There was once a man who wanted to make a will that was fair. One where his 3 sons from a previous relationship were taken care of equally, where the Public Trustee of Queensland (“PTQ”) was appointed as the executor and trustee to avoid any family disputes and one that made adequate provision for his partner of 18 years.
So the man, George Davies, signed a will in 2013 that allowed Isabelle Leach to reside in his property on Alice Street, Bundaberg, for a period of up to 5 years following his death, and when the property was sold, the sale proceeds were to be split: 50% to Isabelle and the other 50% to be divided equally between his three sons: Rodney, Peter and Gregory.
A well drafted will which was equal and adequate for the ones George Davies loved the most, you might think, and it was certainly what George Davies thought.
When George died in 2018, not everyone thought that the will had provided adequately for them. Isabelle is now 81 and continues to live on Alice Street but says she struggles with her pension whilst also paying for the upkeep of the house. The future rental expenses when she leaves the property will exceed the 50% of the estate she will receive and is insufficient to cover her ongoing expenses.
Isabelle Leach is annoyed. She says that George had promised her that he would leave her, and only her, the house when he died. They had both contributed to the house over the years and she had owned a property but sold this shortly after she met George, using the money to buy things that benefitted them both.
Isabelle believes that a much fairer split of the property would be for her to have 75% of the proceeds of sale which is valued at $87,568.75 and the sons would share the 25% between them which would amount to $29,189.58. After all the sons all have they own homes, have adult children and are in a significantly better financial position than her. Although the executor agrees to Isabelle’s suggestion, the sons do not and file statements alleging discrepancies in Isabelle’s financial disclosure.
Isabelle meets the statutory pre-conditions under s 41 of the Succession Act 1981: the claim was made within 9 months of the death of George, there is no dispute that Isabelle and George had a de facto relationship, and she believed she had a need for further provision from the estate.
And so an application was made under s 41 for adequate provision to be made for Isabelle’s proper maintenance and support, with a further application within the proceedings that an order for further provision is made out of the estate without the need to proceed to a trial, which would greatly diminish the size of the estate.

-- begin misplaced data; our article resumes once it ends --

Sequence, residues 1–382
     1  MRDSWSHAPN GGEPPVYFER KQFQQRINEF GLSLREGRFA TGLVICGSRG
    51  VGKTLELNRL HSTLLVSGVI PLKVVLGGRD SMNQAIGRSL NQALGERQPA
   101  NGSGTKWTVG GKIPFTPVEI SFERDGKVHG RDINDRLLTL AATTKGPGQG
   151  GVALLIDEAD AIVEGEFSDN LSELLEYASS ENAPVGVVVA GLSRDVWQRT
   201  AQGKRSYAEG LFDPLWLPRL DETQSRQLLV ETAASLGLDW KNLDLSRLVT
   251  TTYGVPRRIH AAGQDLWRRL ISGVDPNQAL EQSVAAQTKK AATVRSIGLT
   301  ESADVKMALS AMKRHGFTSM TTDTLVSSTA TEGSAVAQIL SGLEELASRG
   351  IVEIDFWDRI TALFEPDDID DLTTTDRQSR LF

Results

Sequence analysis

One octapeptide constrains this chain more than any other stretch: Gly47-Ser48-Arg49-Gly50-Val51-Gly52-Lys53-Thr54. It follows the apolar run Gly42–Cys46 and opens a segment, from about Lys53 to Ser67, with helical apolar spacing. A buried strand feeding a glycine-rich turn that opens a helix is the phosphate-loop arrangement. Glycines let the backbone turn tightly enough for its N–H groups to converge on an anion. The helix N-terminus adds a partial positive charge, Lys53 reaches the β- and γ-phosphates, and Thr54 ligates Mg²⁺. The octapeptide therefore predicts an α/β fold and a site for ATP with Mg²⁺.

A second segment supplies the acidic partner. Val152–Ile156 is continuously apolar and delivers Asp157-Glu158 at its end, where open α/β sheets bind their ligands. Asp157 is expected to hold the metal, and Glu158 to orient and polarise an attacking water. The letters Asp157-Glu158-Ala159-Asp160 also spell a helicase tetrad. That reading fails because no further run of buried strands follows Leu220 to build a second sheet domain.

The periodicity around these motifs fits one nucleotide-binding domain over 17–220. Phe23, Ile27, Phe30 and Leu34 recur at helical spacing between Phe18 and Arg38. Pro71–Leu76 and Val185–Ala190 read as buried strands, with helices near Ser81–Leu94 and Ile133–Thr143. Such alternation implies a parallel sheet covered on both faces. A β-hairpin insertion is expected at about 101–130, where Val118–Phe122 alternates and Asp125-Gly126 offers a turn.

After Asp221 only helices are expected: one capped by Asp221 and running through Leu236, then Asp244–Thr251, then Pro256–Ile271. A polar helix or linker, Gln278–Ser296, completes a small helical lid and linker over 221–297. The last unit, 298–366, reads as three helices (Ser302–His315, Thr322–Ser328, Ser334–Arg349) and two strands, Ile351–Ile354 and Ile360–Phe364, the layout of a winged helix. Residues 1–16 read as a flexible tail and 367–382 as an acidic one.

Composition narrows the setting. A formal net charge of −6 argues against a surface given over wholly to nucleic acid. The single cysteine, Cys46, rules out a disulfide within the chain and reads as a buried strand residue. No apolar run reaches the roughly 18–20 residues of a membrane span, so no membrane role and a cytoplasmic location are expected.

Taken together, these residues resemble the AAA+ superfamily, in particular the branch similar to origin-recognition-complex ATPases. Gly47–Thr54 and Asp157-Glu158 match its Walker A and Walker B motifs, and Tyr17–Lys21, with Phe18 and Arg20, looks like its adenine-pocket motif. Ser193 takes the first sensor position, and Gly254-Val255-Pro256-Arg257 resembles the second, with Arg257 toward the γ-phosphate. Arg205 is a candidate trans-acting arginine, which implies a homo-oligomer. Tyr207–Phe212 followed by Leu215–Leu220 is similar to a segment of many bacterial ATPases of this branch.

But was the provision for Isabelle really inadequate?
No order under s 41 can be made unless the applicant has been left without adequate provision for their proper maintenance and support having regard to:
- The applicants financial position
- The size and nature of the estate
- The totality of the relationship between the applicant and the deceased, and
- The relationship between the deceased and other beneficiaries.
Once Isabelle’s financial provision was scrutinised by the court, it turned out that her financial position wasn’t as precarious as originally thought. The house didn’t have to be sold, there was another 2 years and 8 months left. In any event, Isabelle’s position would barely be improved by the order sought.
The provision made by George was significant, It provided a place of residence until Isabelle is 84 and after that a 50% share in the remainder of the estate. The sons are now all in their 60s, had a close relationship with their father and have a longer life expectancy than Isabelle.
In taking account of the above, the Judge ruled that adequate provision had been made for Isabelle from George’s estates and the whole of the proceedings should be dismissed, turning a settlement that had already been agreed with the PTQ completely on its head.
What made this application go so wrong for Isabelle and her legal team?
They’d concentrated on the statutory pre-conditions of s 41 and not the adequacy guidelines and in particular the size and nature of the estate. By concentrating on what Isabelle didn’t have, they forgot to take account of what she had been given and the amount of money actually available.
George’s estate wasn’t big enough to provide for all of his partners and his children’s needs but he had made provision for their future requirements in a meaningful and adequate way.
The moral of the story is perhaps that small estates are both challenging for estate planners and for estate litigators. Contesting a small estate may produce a most unpredictable outcome.
Written by Lindsay Chan
The above article by Lindsay Chan reminds us of the unpredictable nature of court, particularly for small estates and the strong need for specialist advice sooner rather than later.
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